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Re: Max Ophüls

#17 Post by domino harvey » Wed Dec 03, 2008 5:33 pm

If that's a reference to me, I've already explained why I didn't initially reply with more than the one-line confirmation that Caught didn't charm everyone.

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Re: Max Ophüls

#18 Post by Yojimbo » Wed Dec 03, 2008 5:49 pm

domino harvey wrote:If that's a reference to me, I've already explained why I didn't initially reply with more than the one-line confirmation that Caught didn't charm everyone.
forget one liners, how about one word, the most that I can remember about 'Caught' was that it looked 'gloomy'.
(which is not a word one tends to associate with Ophuls)
I know its been more than 10 years since I watched it, and my memory may be fading but I can remember vivid details of some films I only saw once, and in those cases some 30+ years ago.
(so perhaps its a case that my memory banks refuse to allow any more space for my memories of it).

My favourite Ophuls is probably 'Madame De', though
(although only marginally over 'Letter' and 'Reckless Moment')

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Re: Max Ophüls

#19 Post by HerrSchreck » Wed Dec 03, 2008 9:59 pm

Enough about 7 Women furchrissakes.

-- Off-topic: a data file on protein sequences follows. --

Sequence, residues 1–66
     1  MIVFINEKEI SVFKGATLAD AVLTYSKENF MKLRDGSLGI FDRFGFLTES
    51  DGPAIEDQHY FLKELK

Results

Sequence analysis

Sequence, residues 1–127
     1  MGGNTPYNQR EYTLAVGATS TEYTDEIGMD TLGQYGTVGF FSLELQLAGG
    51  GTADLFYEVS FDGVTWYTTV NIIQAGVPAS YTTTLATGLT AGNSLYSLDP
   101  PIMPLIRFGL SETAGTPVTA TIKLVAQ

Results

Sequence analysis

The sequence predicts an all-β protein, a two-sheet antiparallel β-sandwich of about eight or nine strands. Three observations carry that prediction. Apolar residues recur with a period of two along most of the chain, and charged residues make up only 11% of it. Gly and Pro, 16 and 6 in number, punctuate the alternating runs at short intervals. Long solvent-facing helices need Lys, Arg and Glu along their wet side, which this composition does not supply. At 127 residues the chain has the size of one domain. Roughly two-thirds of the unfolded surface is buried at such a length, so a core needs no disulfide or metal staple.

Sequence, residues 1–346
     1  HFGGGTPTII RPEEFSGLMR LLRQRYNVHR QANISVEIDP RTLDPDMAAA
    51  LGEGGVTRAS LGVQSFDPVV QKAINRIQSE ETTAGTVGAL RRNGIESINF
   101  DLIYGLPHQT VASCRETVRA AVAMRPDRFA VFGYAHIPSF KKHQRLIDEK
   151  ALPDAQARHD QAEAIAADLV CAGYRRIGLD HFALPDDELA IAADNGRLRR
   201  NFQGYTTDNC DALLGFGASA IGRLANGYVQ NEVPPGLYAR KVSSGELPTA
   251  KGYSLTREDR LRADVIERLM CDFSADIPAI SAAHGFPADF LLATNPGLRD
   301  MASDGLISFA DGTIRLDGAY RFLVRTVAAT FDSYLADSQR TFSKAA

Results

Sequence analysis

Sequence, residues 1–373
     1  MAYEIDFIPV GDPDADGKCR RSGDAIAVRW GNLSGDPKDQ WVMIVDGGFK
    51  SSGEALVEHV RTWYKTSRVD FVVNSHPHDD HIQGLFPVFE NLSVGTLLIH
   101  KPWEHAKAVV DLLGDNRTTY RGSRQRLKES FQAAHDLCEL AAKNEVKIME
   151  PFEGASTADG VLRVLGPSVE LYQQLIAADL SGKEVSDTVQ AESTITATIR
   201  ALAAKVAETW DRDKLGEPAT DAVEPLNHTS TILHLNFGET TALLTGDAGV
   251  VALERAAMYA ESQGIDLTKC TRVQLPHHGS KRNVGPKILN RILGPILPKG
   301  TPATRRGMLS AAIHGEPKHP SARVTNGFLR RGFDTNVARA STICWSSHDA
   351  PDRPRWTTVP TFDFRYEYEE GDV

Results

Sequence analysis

Is gloomy a perjorative? Stay away from French Impressionism or some of the more hardbitten noirs from the late 40's, you may go whistling down the side of a skyscraper. Seriously, I'd recommend you give it another whirl.

Not to mention "noir" itself, of which Caught is a relative soft incarnation of-- at least in terms of atmospherics.

Hey Domino, can you give some examples of where you find some of these phenomena in the picture? I know there are moments in the film that bely the pedigree (slight fuckups in bel Geddes' line readinings once or twice that werent retaken, but I think she's absolutely wonderful in this part, an entirely unique heroine in a film of this type, drawn with many facets of authenticity). Where specifically did you find the camera spastic, and problems with the pacing?

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Re: Max Ophüls

#20 Post by domino harvey » Wed Dec 03, 2008 10:09 pm

HerrSchreck wrote: Hey Domino, can you give some examples of where you find some of these phenomena in the picture? I know there are moments in the film that bely the pedigree (slight fuckups in bel Geddes' line readinings once or twice that werent retaken, but I think she's absolutely wonderful in this part, an entirely unique heroine in a film of this type, drawn with many facets of authenticity). Where specifically did you find the camera spastic, and problems with the pacing?
I know Ophuls' cameras are always so free, but inside the doctor's office, when he moves so swiftly from room to room, it seems like he pushed the camera faster than it was supposed to be move, and it just looked jarring.